The time I nearly OD’d, and the thing that saved me

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 A kit with naloxone, also known by its brand name Narcan, is displayed at the South Jersey AIDS Alliance in Atlantic City, N.J. on Wednesday, Feb. 19, 2014.  (AP Photo/Mel Evans)

A kit with naloxone, also known by its brand name Narcan, is displayed at the South Jersey AIDS Alliance in Atlantic City, N.J. on Wednesday, Feb. 19, 2014. (AP Photo/Mel Evans)

Narcan is in the news. It’s a drug that counters the effects of an opiod overdose.

Since it needs to be injected, it hasn’t been available for easy use by the public. But, last week, the FDA gave rapid-track approval to a Narcan injector that could work like an Epipen does in cases of anaphylactic shock.

We were talking about this at a recent WHYY’s news meeting, and I mentioned to the table, “Well, I’m probably the only person here to have their life saved by Narcan.”

That sound you heard was the jaws of various reporters hitting the table in unison. I don’t want to say they regard me as so strait-laced that I have never had so much as an overdose of craft beer – but well, they do.

So I told them the story. Then they told me I should tell you. So here goes.

I am prone to kidney stones. These little buggers deliver incomparable distress. An ER nurse once told me, as I sat doubled over in pain in her office, “Honey, when a white man looks that green, it’s gotta be a kidney stone.”

So, one day when yet another kidney stone hit, I went to see my primary physician. To my delight, he gave me morphine. When stones happen, Sister Morphine is your best friend. She doesn’t exactly take the pain away, but she takes you to a happy place where you just … don’t … care.

Oops … then, the save

But this shot wore off quickly.   In accelerating distress, I went to a local hospital, which shall remain nameless. There, ER doctors gave me another dose of morphine. An overdose, as it turned out.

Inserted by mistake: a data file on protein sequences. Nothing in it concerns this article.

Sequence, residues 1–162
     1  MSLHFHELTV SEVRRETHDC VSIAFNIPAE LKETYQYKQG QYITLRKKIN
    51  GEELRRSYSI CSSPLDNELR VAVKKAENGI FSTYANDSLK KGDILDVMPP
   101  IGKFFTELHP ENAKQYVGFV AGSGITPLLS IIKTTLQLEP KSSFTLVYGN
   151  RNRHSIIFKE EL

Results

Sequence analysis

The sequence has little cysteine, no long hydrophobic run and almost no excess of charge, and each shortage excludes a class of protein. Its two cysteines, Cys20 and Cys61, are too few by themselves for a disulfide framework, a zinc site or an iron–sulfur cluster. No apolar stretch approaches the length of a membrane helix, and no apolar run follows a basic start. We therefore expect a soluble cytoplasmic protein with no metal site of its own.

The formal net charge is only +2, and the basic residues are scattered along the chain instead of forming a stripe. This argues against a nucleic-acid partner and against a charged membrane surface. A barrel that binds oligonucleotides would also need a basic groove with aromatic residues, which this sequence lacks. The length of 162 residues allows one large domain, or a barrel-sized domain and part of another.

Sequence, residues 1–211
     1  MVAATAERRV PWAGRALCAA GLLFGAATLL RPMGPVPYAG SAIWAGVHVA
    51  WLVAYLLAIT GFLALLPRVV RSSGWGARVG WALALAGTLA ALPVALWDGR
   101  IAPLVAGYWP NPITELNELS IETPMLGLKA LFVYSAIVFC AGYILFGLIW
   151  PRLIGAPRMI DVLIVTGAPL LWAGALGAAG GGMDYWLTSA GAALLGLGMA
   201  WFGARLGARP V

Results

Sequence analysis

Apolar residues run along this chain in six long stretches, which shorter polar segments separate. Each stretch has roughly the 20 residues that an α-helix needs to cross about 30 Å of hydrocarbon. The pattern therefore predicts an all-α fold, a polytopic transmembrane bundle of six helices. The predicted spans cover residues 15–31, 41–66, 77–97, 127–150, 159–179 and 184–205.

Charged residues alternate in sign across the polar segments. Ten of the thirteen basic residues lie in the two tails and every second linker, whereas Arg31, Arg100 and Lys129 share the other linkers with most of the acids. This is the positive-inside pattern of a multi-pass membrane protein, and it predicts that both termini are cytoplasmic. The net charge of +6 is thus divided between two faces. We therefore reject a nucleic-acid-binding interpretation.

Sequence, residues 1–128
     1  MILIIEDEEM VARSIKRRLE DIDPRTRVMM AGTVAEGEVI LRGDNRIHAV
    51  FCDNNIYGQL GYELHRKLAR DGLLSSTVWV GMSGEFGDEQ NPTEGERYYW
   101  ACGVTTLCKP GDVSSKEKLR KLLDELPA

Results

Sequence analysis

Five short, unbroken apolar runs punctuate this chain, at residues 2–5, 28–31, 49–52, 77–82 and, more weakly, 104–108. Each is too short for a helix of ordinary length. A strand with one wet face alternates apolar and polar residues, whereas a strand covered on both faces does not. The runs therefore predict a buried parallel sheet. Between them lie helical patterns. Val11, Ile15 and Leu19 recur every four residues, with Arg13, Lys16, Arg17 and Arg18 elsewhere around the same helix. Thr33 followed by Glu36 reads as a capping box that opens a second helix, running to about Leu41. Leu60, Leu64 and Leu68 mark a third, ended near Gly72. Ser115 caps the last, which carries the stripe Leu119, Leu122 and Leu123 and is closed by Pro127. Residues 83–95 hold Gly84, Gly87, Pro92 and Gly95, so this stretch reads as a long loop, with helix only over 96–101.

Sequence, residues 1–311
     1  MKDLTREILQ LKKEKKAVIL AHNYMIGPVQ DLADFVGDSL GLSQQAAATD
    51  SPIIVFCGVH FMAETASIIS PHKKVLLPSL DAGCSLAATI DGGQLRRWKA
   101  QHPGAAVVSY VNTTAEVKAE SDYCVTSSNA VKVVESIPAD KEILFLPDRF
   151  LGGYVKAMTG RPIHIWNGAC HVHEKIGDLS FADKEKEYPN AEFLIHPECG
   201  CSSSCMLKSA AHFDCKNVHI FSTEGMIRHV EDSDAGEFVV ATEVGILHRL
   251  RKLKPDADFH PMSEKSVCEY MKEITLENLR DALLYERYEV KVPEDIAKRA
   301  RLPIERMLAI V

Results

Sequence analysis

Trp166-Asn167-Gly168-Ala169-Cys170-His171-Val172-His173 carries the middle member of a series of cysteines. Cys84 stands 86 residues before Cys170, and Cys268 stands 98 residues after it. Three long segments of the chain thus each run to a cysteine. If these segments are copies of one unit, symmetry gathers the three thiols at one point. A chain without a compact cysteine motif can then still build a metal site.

My blood pressure crashed. My legs flopped about wildly on the gurney like the fins of a fish out of water. ER staff raced in with the crash cart, while my wife cried in the corner. Sister M and I thought this all hilarious. I waved a spastic hand and cried out: “What’s the problem, everybody? I’m fine. I’m fine.”

Enter Narcan.  Not long after it was injected into me, the crisis passed.

A few hours later, so did the stone.

My wife, a hospital professional, later tried to convey to me just how serious my situation had been, but I didn’t get it.

Fast forward a year.  While on the Inquirer editorial board, I wrote an opinion piece on the raging medical malpractice controversy. The essay was not friendly to the medical profession’s point of view.

Days later a hand-written letter from a doctor arrived.

It went something like this: “Dear Mr. Satullo, I understand how you might have a particular viewpoint on malpractice, since I was there in the ER the day we almost killed you. But I’d urge you not to let personal experience poison your objectivity…”

“Almost killed you … ” Those words took a while to sink in.

There but for the grace of Narcan go I.

So I, for one, am very glad the FDA fast-tracked this new autoinjection device.

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